Modelling "How to Solve a Problem"
From time to time, children come to the office (or are sent to the office), because there has been some sort of frustration or disagreement that has led to name-calling or pushing and shoving. Our student at Tomsett are wonderful, and as such, are usually very receptive to working things out with each other. When I first began as a vice-principal (2005), Gary McBride modelled the technique that I will outline below and it is the one that I continue to use, as it seems to work. Whether Gary learned it from someone else or from a book is unknown, so I may not have credited the original source. Parents may want to use this same technique at home with children at home - I use it with my own children.
It begins with a problem. For example, one child has taken a playground ball away from another child. This has led to name calling and eventualy pushing back-and-forth.
Both children come into the office. When the students are calm and ready to talk, we begin:
1. One person speaks first and is uninterrupted by the other one. The other child is asked to listen. If the child tries to interrupt, I let them know they will have their chance to speak.
2. Once the first child finishes, the roles reverse and the other student gets to tell their side of the story. When most of us are frustrated or angry, we want the other person to hear what we are saying / hear our point of view. This provides students with that opportunity.
3. When this person finishes, I begin to unpack the problem by attaching feelings to the actions. "When he/she took the ball away from you, how did it make you feel?" The person states something like "I felt sad when he/she took the ball away from me". We are very specific about what the person did and how it made the other person feel.
4. The person who is listening is then asked "What did the person just say?" If the other person cannot say it back, then they were not listening, and we do it again, and again, until the person can state what they did and how it made the other person feel. It is important the we be heard, and by attaching feelings, it provides an opportunity to ask "Did you mean to make this person feel this way?" Usually the answer is "no". We want to bring to the forefront that our actions impact others - something that is usually challenging for young children to do.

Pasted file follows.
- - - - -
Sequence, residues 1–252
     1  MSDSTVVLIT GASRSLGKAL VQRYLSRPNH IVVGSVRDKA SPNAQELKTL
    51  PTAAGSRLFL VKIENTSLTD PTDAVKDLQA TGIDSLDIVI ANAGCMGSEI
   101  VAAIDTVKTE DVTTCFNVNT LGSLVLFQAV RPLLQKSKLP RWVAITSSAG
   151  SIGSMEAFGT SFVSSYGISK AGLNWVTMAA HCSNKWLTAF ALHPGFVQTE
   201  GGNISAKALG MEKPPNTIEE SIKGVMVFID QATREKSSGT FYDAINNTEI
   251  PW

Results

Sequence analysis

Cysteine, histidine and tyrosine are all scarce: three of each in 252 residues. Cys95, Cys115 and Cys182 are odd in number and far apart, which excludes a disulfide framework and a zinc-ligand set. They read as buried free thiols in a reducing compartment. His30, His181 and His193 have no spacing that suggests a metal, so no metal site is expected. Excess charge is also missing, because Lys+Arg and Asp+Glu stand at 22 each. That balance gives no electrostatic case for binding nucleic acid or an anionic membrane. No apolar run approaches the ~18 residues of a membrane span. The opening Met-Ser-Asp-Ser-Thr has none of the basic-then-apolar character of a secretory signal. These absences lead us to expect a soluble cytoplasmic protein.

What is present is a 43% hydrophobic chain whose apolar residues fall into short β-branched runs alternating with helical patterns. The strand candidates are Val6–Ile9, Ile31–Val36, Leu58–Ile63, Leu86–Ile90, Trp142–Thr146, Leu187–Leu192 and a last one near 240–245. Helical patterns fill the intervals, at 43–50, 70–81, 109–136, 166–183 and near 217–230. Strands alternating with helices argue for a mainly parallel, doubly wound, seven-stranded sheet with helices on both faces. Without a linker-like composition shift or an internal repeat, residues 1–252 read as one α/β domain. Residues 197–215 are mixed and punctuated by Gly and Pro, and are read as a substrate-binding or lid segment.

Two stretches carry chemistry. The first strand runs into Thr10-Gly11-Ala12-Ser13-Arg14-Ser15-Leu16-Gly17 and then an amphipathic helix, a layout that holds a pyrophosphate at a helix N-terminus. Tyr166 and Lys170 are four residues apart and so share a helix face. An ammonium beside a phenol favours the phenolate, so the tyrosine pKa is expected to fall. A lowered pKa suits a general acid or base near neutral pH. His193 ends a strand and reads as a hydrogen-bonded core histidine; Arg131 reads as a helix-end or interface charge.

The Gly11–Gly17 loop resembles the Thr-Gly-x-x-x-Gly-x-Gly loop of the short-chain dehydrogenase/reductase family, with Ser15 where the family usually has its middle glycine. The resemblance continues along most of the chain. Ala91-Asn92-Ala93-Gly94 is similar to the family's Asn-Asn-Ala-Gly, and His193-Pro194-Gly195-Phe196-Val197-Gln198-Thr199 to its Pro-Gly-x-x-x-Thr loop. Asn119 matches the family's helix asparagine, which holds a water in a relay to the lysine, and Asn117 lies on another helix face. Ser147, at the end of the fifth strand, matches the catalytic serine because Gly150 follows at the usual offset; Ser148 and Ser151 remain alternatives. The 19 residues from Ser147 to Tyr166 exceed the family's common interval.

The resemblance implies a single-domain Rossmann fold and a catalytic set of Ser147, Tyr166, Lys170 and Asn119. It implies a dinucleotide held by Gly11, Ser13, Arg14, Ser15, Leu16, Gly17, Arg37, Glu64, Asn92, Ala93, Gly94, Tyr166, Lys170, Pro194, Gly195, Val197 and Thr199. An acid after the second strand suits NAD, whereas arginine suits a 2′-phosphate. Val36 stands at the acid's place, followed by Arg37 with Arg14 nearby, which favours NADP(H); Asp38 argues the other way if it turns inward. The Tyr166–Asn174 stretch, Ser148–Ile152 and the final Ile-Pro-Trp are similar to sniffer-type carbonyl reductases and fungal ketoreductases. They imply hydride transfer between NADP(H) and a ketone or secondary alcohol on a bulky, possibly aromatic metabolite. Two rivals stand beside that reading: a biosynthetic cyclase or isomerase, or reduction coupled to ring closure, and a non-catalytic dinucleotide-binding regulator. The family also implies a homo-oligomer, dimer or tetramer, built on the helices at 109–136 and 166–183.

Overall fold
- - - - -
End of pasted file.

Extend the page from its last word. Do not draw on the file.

5. Now comes the apology, the person who, in this case took the ball says, "I'm sorry for taking the ball and making you feel sad".
6. Most times, the person receiving the apology says "that's okay", a conditioned response we all tend to use when someone has upset us. We always use this as a teachable moment to say "It's not okay". We teach the child to say "thank you for saying sorry / thank you for your apology" and to also say, "please do not do it again". It also lets both students know that I heard the request and the other person, if they mean what they say, should make sure it does not happen again.
7. We then go back-and-forth between both students until we have unpacked the problem and have talked about what could we do differently next time. If there is more that two children involved, we unpack it with each pair, not usually as a whole group (unless it is something minor).
One other very important piece that I have added is providing the student with the opportunity to fix the problem going forward - and opportunity to keep their word and an opportunity to change their behaviour, without having to involve parents. We have to give our kids the opporytunity to learn from their mistakes and to practise the skills we try to impart on them. Often we are too quick to come to the rescue, and the non-verbal message that is sent is "mom and/or dad will fix all my problems", which does not prepare our kids for the future.
Teaching students to use their words and express their feelings before being physical with each other is an important step in building a respectful school community.